The IRS has been aggressive lately in pursuing tax cheats that have concealed resources in offshore accounts. Penalties for not reporting the occurrence of foreign accounts are steep, which worries even honest companies and people that are uncertain about their filing obligations.
Normally, U.S. taxpayers with a financial interest in foreign financial accounts must file Form TD F 90-22.1, Report of Foreign Bank and Financial Accounts (often known as the "FBAR"), once the aggregate value of these accounts exceeds $10,000 at any time during a calendar year. Such accounts include, but aren't limited to, checking, savings, securities, brokerage, mutual fund and other pooled investment balances held outside America. Folks with signature authority over, but no financial interest in, one or more accounts with the exact qualifications must file an FBAR also. This latter requirement has caused much confusion and concern among executives with some amount of discretion over their companies' foreign financial accounts.
These regulations became effective on March 28 and use to FBAR filings Reporting Accounts foreign financial accounts kept in the calendar year 2018 and for all subsequent years.
These new regulations specifically apply to individuals who have signature authority over foreign financial accounts and that correctly deferred their FBAR filing duties for calendar years 2009 and earlier. The deadline for these people to file the FBAR was extended until Nov. 1, 2011.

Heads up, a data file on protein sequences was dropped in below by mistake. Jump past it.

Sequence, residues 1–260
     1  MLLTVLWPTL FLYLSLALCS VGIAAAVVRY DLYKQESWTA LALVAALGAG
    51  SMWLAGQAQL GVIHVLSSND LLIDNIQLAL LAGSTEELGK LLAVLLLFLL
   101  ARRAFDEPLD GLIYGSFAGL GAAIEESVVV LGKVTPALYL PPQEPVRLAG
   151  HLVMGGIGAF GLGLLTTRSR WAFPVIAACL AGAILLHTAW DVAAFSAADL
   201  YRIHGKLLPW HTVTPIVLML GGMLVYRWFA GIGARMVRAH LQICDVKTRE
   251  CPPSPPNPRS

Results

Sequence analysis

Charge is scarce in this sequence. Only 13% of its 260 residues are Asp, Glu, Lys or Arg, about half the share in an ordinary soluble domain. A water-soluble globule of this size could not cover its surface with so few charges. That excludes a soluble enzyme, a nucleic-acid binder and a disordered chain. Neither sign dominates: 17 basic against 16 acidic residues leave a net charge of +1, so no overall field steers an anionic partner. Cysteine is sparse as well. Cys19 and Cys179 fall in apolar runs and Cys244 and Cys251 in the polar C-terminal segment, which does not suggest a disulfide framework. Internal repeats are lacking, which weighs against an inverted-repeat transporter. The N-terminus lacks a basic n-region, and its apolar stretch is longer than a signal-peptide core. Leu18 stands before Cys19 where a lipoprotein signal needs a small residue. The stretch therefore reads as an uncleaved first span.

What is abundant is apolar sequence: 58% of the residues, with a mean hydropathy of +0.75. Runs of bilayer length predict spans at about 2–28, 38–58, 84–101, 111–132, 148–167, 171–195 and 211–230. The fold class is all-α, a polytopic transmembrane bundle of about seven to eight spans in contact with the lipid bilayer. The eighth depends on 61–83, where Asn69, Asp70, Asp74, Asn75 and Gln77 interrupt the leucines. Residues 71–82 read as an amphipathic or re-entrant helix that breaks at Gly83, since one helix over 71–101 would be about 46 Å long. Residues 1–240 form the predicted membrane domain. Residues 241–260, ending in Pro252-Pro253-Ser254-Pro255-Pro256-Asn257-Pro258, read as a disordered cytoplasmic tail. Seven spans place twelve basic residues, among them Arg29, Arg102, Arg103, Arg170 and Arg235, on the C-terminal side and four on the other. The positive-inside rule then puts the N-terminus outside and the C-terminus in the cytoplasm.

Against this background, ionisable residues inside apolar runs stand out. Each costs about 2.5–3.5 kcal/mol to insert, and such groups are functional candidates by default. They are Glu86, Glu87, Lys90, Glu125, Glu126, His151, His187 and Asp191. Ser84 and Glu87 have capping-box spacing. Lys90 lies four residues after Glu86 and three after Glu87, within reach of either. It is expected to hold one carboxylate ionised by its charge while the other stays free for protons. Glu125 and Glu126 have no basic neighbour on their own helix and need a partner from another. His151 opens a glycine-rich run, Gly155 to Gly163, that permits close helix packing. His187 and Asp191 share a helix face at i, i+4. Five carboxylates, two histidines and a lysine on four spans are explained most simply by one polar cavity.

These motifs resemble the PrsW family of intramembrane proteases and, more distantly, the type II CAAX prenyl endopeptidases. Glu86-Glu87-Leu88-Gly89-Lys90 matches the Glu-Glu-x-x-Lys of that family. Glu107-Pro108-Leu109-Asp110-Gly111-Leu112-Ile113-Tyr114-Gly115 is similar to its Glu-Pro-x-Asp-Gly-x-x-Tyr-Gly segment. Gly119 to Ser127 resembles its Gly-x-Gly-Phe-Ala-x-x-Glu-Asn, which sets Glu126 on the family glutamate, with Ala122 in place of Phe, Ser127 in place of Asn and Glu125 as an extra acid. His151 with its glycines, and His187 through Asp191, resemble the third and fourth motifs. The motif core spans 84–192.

In this initiative, the IRS provided a uniform penalty structure for taxpayers that came forward to report previously undisclosed foreign accounts, in addition to any unreported income generated or held in these accounts, during tax years 2003 through 2010. Despite the fact that the window to take part in the program has closed, the initiative's FAQs make clear that those with just signature authority on foreign accounts should still file delinquent FBAR reports.
The final regulations define trademark or other authority as follows:
"Signature or other authority means the authority of an individual (alone or along with another) to control the disposition of cash, funds or other assets held in a financial account by direct communication (whether in writing or otherwise) to the individual with whom the bank is preserved."
By the definition, executives and other employees are not always required to file an FBAR only because they have jurisdiction over their company' foreign financial accounts. Under the final regulations, the Financial Crimes Enforcement Network (FinCEN) grants relief from the duty to report trademark or other authority over a foreign financial account to the officers and employees of five types of entities which are subject to specific types of Federal regulation. One of these classes are publicly traded companies listed on a U.S. national securities market, and businesses with more than 500 shareholders and more than $10 million in assets. For publicly traded companies, officers and employees of a U.S. subsidiary might not have to submit an FBAR either, provided that the U.S. parent company files a consolidated FBAR report that contains the subsidiary. These exceptions only apply when the employees or officers do not have a financial interest in the accounts in question.